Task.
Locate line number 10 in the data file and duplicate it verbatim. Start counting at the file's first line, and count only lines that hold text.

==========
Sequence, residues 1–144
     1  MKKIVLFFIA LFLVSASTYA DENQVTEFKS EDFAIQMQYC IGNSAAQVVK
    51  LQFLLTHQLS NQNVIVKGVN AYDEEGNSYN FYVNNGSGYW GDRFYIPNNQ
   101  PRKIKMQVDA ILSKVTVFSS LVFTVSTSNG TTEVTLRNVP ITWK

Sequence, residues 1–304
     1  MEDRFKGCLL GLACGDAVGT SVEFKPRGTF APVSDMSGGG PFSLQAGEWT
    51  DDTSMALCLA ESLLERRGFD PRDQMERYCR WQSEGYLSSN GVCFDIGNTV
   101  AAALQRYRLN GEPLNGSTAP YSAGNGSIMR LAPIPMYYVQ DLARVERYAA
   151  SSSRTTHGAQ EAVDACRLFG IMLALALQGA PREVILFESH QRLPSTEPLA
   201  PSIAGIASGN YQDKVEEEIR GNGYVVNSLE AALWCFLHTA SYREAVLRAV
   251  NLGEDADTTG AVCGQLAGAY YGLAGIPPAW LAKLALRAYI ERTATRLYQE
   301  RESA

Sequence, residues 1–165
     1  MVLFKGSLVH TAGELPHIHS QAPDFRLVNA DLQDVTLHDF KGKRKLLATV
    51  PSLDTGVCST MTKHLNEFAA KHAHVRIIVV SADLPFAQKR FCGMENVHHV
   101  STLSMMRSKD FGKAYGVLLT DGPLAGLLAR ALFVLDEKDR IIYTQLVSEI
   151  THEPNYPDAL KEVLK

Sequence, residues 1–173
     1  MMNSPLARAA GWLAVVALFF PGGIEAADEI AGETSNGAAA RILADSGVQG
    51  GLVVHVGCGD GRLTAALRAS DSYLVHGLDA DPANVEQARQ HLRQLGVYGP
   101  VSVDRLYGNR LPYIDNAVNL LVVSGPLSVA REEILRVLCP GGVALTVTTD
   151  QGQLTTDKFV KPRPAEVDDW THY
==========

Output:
   201  PSIAGIASGN YQDKVEEEIR GNGYVVNSLE AALWCFLHTA SYREAVLRAV